Industry News

Seattle source of income discrimination legislation raises issue of “What’s in a name?”

Thu, 14 Jul 2016 08:13:00 -0900

Source of income legislation has slowly worked its way through the legislative process in the city of Seattle, with revised legislation scheduled for a special July 22nd committee meeting.

Among other issues recently legislated in Seattle, this may be the most confusing as it has quickly morphed from “source of income protections” to including regulation of tenant screening practices.

The process was borne out of Mayor Murray’s Housing Affordability and Livability Agenda (HALA) stakeholder committee last year which found general support for a number of strategies recommended for relieving housing affordability issues in Seattle.

Final HALA recommendations framed the source of income discrimination problem, and directed a specific solution to this issue.

“Renters who receive a verifiable source of ongoing legal income, such as Social Security, child support, Supplemental Security Income (SSI) and Housing Choice vouchers (or any other governmental or nonprofit subsidy) deserve a rental environment that treats these types of income fairly. Currently, it is illegal under the City’s Fair Housing law to discriminate against a tenant based on the use of a Housing Choice voucher. The City should expand protection to include other verifiable sources of income. Representatives of the City of Seattle, tenant advocates, and local landlords should collaborate in determining which additional sources of income should be protected.”

Setting aside ongoing concerns about short-term rental vouchers and a lack of a floor on minimum income required to ensure an applicant can pay for life necessities, original legislation presented on source of income discrimination was narrowly tailored to ensuring all legal sources of income were considered by rental owners when reviewing an applicant’s ability to pay rent.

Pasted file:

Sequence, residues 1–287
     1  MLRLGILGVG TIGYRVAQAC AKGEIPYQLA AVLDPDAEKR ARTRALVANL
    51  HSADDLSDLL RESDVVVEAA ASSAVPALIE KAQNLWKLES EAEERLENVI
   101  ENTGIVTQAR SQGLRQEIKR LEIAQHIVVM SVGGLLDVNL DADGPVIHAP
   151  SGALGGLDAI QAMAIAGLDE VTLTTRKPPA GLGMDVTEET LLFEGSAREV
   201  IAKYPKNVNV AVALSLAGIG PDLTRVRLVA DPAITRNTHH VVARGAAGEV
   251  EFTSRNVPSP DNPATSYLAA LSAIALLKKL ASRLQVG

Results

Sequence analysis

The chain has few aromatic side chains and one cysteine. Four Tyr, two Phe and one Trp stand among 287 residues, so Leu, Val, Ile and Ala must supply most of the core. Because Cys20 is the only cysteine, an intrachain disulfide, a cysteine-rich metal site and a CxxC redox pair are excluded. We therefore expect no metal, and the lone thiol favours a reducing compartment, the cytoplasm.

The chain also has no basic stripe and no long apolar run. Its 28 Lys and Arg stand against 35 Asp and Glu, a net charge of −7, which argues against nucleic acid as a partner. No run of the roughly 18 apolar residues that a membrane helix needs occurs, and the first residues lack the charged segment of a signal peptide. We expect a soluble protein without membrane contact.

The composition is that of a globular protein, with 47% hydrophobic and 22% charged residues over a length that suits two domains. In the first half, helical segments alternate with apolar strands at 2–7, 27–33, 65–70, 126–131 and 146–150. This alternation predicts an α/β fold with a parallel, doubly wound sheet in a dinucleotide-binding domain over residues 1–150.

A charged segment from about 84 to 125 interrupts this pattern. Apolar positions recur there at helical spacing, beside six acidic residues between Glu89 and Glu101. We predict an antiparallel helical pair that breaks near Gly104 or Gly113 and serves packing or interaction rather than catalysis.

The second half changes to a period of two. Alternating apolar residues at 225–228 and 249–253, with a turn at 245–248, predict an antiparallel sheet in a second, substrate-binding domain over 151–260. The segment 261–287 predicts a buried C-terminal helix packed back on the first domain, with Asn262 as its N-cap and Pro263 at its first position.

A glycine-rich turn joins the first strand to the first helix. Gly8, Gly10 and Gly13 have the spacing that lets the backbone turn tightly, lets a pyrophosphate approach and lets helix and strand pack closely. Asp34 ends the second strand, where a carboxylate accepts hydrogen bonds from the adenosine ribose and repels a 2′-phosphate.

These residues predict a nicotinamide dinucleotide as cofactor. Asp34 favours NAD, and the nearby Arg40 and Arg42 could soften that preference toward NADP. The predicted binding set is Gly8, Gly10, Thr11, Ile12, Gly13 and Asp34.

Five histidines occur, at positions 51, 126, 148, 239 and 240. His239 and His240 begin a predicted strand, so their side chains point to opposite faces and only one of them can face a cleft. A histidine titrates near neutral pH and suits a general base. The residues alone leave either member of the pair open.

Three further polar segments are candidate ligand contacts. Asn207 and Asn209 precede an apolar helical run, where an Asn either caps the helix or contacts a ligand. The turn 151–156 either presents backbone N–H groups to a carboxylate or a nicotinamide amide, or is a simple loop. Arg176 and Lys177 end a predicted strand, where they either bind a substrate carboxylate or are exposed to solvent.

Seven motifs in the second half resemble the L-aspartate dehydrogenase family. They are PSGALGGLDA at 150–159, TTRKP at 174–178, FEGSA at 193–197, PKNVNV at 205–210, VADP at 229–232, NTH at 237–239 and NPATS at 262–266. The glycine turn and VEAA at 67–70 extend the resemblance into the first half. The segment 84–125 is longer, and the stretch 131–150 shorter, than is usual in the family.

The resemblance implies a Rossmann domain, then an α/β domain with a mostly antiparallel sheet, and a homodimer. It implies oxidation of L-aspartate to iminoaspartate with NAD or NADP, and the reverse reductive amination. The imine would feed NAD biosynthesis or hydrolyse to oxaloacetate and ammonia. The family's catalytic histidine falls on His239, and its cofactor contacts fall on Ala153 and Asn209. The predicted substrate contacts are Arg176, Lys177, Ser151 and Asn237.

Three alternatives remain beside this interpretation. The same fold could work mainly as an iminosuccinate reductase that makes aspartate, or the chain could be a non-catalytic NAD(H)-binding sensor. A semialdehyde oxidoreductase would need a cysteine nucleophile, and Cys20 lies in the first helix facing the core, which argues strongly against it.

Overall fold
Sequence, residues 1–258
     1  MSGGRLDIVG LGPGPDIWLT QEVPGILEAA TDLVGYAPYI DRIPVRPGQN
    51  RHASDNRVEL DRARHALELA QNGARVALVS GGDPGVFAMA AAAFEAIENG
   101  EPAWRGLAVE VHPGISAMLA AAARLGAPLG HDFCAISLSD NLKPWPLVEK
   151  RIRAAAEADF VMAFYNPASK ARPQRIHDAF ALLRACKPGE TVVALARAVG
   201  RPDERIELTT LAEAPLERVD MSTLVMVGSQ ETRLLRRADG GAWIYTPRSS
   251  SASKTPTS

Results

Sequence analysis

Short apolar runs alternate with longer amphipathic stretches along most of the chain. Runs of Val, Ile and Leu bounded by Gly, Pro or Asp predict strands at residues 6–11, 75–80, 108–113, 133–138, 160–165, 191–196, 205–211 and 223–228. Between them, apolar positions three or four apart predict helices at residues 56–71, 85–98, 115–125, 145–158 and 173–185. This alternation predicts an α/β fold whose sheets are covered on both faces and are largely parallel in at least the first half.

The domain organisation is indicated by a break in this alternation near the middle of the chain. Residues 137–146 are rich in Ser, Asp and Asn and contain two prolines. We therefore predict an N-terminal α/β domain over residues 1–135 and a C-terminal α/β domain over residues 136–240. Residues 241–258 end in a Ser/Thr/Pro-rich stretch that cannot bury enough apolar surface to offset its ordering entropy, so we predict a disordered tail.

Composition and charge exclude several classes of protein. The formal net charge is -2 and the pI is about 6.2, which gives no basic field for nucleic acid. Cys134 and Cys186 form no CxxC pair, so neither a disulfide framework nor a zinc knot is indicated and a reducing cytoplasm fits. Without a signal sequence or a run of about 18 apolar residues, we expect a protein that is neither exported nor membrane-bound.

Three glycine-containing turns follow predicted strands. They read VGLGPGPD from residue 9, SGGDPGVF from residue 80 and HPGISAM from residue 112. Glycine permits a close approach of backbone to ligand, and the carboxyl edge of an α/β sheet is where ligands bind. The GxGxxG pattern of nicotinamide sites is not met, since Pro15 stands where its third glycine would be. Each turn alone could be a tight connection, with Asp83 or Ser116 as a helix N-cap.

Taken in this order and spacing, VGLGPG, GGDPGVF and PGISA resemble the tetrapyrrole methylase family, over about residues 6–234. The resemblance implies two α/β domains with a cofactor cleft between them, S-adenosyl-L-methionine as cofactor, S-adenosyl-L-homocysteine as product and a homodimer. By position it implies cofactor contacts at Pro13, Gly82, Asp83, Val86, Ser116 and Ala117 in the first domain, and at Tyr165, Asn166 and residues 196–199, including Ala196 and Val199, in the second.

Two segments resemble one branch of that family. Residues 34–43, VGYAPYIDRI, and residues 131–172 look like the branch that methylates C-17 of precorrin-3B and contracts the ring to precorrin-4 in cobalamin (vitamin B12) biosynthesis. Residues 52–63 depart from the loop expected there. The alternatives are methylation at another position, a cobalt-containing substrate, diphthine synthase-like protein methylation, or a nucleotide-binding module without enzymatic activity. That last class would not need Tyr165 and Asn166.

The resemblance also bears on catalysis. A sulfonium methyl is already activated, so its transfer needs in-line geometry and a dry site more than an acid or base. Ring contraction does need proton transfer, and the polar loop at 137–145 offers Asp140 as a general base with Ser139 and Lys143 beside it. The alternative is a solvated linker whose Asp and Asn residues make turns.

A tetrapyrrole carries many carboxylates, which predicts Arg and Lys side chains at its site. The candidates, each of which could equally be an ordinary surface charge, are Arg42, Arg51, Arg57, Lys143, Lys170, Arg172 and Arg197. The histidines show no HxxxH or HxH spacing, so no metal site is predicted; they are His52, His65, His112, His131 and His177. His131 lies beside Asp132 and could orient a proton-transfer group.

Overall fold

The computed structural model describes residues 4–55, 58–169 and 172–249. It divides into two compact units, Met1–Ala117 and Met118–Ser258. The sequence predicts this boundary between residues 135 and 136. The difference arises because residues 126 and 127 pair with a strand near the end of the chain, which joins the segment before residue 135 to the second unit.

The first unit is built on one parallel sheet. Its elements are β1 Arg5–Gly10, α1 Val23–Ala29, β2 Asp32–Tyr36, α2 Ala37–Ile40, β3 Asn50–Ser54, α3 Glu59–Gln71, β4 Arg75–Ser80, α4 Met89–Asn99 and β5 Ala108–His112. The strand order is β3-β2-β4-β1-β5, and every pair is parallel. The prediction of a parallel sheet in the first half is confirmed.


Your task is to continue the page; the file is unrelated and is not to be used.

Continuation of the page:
Now, after subsequent stakeholder meetings, Councilmember Lisa Herbold has expanded the legislation to outright regulation of the tenant screening process. The new draft – which accommodates zero RHAWA concerns, but addresses many raised by tenant and low-income advocates - has moved the source of income legislation to a point of confusion.

The legislation now seeks to address “first in time” – the concept of first come, first serve when screening applicants, as well as situations where a screening reveals insufficient or concerning information on the applicant.

Practically speaking, “first in time” was considered best practice for an owner to exercise when determining how to run their tenant screening practice, and is not a new concept to the industry. The first applicant or group of applicants to complete the required rental application(s) and pay the screening fee(s) are first in line to be screened and qualified for the rental unit.

The newly amended legislation, however, overly complicates an owners’ ability to make tenant screening decisions without fear of liability or reprisal by an applicant. Concerns within the draft legislation are numerous, many details of which are unknown to an owner during the screening process, such as:

***A requirement to tell applicants of the time available for them to apply, and where they would fall in line with other applicants.

***A requirement that an owner disclose what additional criteria an applicant may have to satisfy if unknown scenarios were to arise in the screening process.

***A requirement which would allow applications sent by mail to be placed in the order of screening from the date which it was stamped as mailed by the post office – without consideration that another applicant may have applied in-person that same date and already have been approved and signed an agreement prior to receiving any applications in the mail.

Additional requirements for situations involving adverse action where an applicant needs to provide additional information to an owner, or an owner would approve an applicant pending the receipt of additional securities, force owners to give the applicant at least seven days to satisfy either of those issues. That’s seven days of uncollected rent and lost opportunities to rent to another tenant who is qualified and prepared to sign a lease.

A mandate for owners to allow the applicant seven additional days to comply with providing additional information or securities also appears likely to incentivize owners to simply deny an applicant without opportunity for additional consideration under adverse action – a detriment to the very individuals the legislation is intended to assist in finding housing.